Yea, I'm not the best blogger around, but honestly -- does anyone want anything but the twice a year update. Kate is completely and utterly typical and the days of me obsessing about her medical issues are over. Things crop up occasionally -- one of her ear tubes lodged behind her ear canal and needed to be surgically removed, a speech therapist evaluated her at preschool and had A LOT to say, most of which I discounted because, let's face it CHOP said she was better than good, so I'm believing them --- but really that's it. She's a healthy (no sick visits to the doc since decannulation - NONE), developmentally fine kid.

She likes to swim, she takes ballet, she loves princesses and pink and she drives me absolutely mad some days.

Monday, November 16, 2009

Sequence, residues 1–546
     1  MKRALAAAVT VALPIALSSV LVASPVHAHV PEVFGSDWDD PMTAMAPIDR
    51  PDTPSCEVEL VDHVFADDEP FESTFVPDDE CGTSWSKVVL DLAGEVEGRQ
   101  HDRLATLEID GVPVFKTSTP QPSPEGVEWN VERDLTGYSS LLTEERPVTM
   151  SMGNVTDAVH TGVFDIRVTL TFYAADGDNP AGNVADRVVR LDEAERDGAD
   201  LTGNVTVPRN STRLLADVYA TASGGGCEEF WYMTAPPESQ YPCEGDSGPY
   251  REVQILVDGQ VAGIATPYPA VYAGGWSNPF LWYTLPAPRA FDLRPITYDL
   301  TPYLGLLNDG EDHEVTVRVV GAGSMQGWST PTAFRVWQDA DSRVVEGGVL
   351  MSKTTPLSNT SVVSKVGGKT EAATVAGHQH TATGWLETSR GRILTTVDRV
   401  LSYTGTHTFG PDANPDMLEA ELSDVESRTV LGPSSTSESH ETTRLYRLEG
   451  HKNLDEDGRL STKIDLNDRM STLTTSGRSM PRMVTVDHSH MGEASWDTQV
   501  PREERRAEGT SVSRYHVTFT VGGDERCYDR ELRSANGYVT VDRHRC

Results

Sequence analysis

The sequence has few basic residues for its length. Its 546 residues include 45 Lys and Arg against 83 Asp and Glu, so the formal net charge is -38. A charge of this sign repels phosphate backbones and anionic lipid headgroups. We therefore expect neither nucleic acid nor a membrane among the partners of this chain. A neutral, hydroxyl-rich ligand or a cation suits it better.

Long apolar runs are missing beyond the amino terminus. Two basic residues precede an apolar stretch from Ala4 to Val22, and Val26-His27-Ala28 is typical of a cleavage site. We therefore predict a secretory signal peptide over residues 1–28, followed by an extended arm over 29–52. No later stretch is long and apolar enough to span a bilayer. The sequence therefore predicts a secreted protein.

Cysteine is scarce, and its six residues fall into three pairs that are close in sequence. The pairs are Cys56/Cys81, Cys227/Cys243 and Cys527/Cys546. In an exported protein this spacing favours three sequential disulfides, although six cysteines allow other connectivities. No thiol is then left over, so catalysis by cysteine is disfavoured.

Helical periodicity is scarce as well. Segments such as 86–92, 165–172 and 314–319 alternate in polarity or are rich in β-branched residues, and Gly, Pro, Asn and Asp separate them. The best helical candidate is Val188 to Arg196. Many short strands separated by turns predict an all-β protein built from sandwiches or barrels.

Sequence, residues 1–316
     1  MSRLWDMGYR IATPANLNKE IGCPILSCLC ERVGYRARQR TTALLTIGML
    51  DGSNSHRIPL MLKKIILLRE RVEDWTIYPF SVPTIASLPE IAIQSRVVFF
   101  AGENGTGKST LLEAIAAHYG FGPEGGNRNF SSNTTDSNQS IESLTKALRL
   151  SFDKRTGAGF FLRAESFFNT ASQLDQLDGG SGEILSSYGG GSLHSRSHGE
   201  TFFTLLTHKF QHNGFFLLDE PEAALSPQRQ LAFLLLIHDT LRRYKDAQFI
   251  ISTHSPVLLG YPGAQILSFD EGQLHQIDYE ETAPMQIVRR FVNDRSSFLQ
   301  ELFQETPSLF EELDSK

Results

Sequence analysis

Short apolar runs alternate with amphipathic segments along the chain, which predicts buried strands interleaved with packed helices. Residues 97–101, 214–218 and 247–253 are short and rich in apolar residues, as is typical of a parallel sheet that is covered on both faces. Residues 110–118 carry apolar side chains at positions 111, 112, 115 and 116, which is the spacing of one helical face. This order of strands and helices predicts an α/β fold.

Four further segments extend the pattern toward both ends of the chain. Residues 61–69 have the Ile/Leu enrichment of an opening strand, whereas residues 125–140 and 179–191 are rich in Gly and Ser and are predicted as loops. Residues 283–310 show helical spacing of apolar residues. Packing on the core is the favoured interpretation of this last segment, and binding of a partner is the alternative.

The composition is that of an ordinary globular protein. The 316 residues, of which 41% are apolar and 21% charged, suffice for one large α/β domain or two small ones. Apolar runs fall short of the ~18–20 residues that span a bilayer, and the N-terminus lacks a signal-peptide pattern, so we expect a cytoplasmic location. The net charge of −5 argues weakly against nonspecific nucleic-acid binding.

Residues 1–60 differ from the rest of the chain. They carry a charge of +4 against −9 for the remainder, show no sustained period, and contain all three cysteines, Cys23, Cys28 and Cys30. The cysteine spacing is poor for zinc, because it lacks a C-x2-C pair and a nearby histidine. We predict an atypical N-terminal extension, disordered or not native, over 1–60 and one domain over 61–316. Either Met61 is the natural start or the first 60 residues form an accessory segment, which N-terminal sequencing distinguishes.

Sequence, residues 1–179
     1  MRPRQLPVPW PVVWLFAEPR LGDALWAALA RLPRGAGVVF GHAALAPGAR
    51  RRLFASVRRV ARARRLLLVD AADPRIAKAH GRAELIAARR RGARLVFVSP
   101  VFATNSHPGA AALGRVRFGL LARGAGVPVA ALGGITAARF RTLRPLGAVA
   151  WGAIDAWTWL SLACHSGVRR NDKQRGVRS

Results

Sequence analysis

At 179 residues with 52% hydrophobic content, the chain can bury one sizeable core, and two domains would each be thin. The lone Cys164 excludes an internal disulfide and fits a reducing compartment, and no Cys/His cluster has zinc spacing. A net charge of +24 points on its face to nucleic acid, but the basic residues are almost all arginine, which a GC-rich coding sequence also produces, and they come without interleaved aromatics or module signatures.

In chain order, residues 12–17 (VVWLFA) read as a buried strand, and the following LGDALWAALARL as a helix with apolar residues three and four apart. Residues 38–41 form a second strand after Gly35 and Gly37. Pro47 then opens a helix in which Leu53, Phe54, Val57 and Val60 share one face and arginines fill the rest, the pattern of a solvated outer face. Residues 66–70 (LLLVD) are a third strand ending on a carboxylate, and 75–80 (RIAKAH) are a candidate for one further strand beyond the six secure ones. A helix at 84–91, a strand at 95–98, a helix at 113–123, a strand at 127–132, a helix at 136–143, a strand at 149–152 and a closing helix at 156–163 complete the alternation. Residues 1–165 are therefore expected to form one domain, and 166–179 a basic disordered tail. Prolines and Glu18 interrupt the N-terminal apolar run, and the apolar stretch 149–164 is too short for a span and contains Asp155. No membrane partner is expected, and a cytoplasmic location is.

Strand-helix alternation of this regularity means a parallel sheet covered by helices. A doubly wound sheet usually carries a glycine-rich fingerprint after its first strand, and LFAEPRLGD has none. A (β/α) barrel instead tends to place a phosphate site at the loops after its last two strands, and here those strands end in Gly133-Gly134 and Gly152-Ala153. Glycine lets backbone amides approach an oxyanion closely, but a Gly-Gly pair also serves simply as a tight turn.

Cleft Palate Clinic

When Kate was discharged from CHOP in Dec of 2006, her plastic surgeon told us he'd like her to be seen by the Cleft Palate Clinic when she was 2 1/2. I made that appointment, but ended up having to postpone because of the stoma closure surgery this past April. They fit us in in November and we went 2 weeks ago having really no idea what to expect. It was fine, but I'm not sure we'll be doing this every year as they would like us to be. It's certainly not that we are not taking Kate's diagnosis seriously - it's just that she is SOOO typical now. Plus the issues she does have remaining (she does have a Sticklers dx, hearing and vision issues) are being handled through her pediatrician, opthalmologist and ENT). I'm not 100% certain we need to do the all day appointment thing, because it really seemed like it was as much for their research purposes as it was for her.

The first person to see Kate was a speech therapist. She asked Kate to repeat several words and phrases to her, held a mirror under Kate's nose and told us Kate was doing well. (Really? well golly we had NO idea - insert eye roll emoticon here). She said it was important that no air escape through Kate's nose during speech --- but didn't say why. Ok then.